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Publication numberUS7018291 B1
Publication typeGrant
Application numberUS 10/690,099
Publication dateMar 28, 2006
Filing dateOct 20, 2003
Priority dateDec 1, 1999
Fee statusPaid
Also published asUS6672589
Publication number10690099, 690099, US 7018291 B1, US 7018291B1, US-B1-7018291, US7018291 B1, US7018291B1
InventorsMichael L. Lemke, Ray Frankulin
Original AssigneeStation Casinos, Inc.
Export CitationBiBTeX, EndNote, RefMan
External Links: USPTO, USPTO Assignment, Espacenet
Player tracking system for gaming tables
US 7018291 B1
Abstract
A system for tracking players at a gaming table that includes a plurality of player positions and for displaying information related to the players. The system includes a central computer, a display monitor, a card reader and an input device. The system correlates where players are seated and displays their positions along with their first names and other desirable information related to the players. The system may be used to track regulatory compliance rules for a player.
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Claims(21)
1. A method of tracking players at a gaming table that includes a plurality of player positions, the method comprising:
receiving a card from a player at one of the player positions;
reading player information from the card with a card reader;
depicting the player positions of the gaming table on a display;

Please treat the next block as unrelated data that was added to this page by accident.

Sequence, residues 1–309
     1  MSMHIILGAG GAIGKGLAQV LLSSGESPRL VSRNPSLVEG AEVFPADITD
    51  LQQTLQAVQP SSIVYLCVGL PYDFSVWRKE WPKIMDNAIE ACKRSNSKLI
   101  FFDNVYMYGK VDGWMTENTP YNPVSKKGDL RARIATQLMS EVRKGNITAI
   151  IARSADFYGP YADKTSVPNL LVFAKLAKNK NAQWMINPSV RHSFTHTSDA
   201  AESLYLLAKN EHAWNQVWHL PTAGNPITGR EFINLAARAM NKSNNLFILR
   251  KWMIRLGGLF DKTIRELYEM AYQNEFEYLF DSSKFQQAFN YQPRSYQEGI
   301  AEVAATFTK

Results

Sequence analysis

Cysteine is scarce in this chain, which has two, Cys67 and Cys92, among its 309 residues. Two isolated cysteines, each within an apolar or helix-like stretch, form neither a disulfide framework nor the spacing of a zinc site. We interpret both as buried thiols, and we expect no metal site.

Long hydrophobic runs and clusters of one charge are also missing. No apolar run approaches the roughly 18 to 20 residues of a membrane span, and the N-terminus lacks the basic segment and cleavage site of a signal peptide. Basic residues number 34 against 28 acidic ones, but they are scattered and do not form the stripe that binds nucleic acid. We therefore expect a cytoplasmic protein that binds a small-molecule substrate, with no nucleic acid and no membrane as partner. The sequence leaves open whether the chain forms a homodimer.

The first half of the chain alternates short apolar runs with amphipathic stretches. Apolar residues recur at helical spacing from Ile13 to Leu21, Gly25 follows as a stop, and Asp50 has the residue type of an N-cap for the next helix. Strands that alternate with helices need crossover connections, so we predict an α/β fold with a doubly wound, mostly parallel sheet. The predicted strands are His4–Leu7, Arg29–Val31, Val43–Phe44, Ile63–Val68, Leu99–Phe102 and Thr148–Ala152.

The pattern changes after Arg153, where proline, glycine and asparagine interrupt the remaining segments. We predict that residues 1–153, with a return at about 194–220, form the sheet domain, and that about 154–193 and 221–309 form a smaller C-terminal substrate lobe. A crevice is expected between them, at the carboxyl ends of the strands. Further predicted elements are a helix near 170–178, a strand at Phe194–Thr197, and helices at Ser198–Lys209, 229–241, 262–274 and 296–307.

associating a respective player position of the player on the display with the card by touching the respective player position depicted on the display, the respective player position being a position at which the player is located at the gaming table;
determining a regulatory function that is required based on regulatory compliance rules for the player; and
displaying information for the regulatory function at the respective player position of the player depicted on the display.
2. The method of claim 1, wherein the regulatory function comprises a currency buy-in regulation.
3. The method of claim 2, wherein determining the regulatory function comprises:
tracking a currency buy-in amount for the player; and
storing the currency buy-in amount.
4. The method of claim 1, wherein the regulatory function comprises a currency transaction threshold regulation.
5. The method of claim 4, further comprising receiving a designation of a currency transaction threshold.
6. The method of claim 5, wherein the currency transaction threshold comprises a currency transaction threshold for a single transaction or a currency transaction threshold for one or more transactions in a time period.
7. The method of claim 5, further comprising communicating an alert if the currency transaction threshold is reached by the player.
8. The method of claim 7, further comprising receiving a reply for the communicated alert from the player.
9. The method of claim 8, wherein the reply includes information for the player.